Sergey Sergeyev “Urban archeology”

Sergey Sergeyev “Urban archeology”
On June, 18, 2009 a personal exhibition of a famous Saint Petersburg artist Sergey Sergeev opens in gallery D137. After a three year break the audience will be able to see new works created in distinctive author’s technique (paintings, paintings on metal).

Alexander Borovsky about Sergey Sergeev:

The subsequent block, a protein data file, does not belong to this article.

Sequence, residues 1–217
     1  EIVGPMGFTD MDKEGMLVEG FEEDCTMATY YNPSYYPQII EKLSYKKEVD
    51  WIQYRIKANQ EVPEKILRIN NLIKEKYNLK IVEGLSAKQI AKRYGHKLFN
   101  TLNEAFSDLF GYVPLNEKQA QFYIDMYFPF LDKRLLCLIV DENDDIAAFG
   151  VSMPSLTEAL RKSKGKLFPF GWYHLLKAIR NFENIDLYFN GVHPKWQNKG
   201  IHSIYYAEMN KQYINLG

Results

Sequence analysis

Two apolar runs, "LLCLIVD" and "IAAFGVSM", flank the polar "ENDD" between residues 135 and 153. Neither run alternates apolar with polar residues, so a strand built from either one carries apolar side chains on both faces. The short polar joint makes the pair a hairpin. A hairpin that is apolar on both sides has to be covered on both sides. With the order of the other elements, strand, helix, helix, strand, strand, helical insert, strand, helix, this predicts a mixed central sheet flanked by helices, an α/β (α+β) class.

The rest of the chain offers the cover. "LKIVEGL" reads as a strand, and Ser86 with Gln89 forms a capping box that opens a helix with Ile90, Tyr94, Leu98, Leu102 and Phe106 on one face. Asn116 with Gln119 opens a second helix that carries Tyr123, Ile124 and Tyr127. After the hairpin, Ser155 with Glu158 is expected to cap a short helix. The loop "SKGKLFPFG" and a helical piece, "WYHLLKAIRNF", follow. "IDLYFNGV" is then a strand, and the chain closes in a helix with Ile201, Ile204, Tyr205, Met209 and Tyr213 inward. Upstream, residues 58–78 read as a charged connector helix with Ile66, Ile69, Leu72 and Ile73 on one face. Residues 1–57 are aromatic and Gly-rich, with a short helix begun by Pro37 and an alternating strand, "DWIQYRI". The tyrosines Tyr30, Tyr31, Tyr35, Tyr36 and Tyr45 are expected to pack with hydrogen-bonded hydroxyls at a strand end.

“Sergey Sergeev is an elusive artist; he is difficult to establish a “final diagnosis”. From the one hand, everything is clear: he has developed a reputation as a perfectionist, a subtle artist, and a master of craft: implementation, workability, and completeness. As the saying goes, you take it in your hands, and you hold a work. In this instance, the work takes a lot of time, taste, and workmanship. This is why you are secured from exhaustiveness and expendability: Sergeev’s work will conform to an interior – it will become rooted with new tones, edges, and nuances. Well, quite a respectable niche especially taking into account professional approximation of our “sophisticated” sector of art-production. But on the other hand…This is what’s symptomatic: it seems that, before you know, Sergeev’s works somehow strive to abandon this niche of “interior perfectionism”. They withdraw into themselves, crawl away, and desire some different environment. Which? In this context, recent works created in metal: steel, etched dash – are especially illustrative. It is clear where they strive to crawl: to spans of American bridges, to paved roads with old forged manholes. What about others? Some crawl away to Paleolithic caves, others to Epichristian catacombs, and some draw closer to contemporary urban environment (a wall, dappled with graffiti). The work is constantly searching, striving to fumble its environment. That’s why it is not content with a niche: be it an interior or any other kind… And indeed, how can we talk about a niche, when a cursor is moving along such sharp amplitude: from Old Stone Age to modern urbanistics? I am more familiar with Sergeev’s recent urban works: steel and acrylic. I believe, there is a column in Financial Times called Urban Archeology in which they deal with any “speaking” objective components of urban environment: from architecture to manholes. So, archeology – even urban, close to modernity – involves processes of tactile contact: dressing, feeling, slight touch, sensing. It seems to me, that Sergeev, using chronotopic mode in his works, achieves new shades of his poetics: symbolic and tactile feel especially distinctive through time”.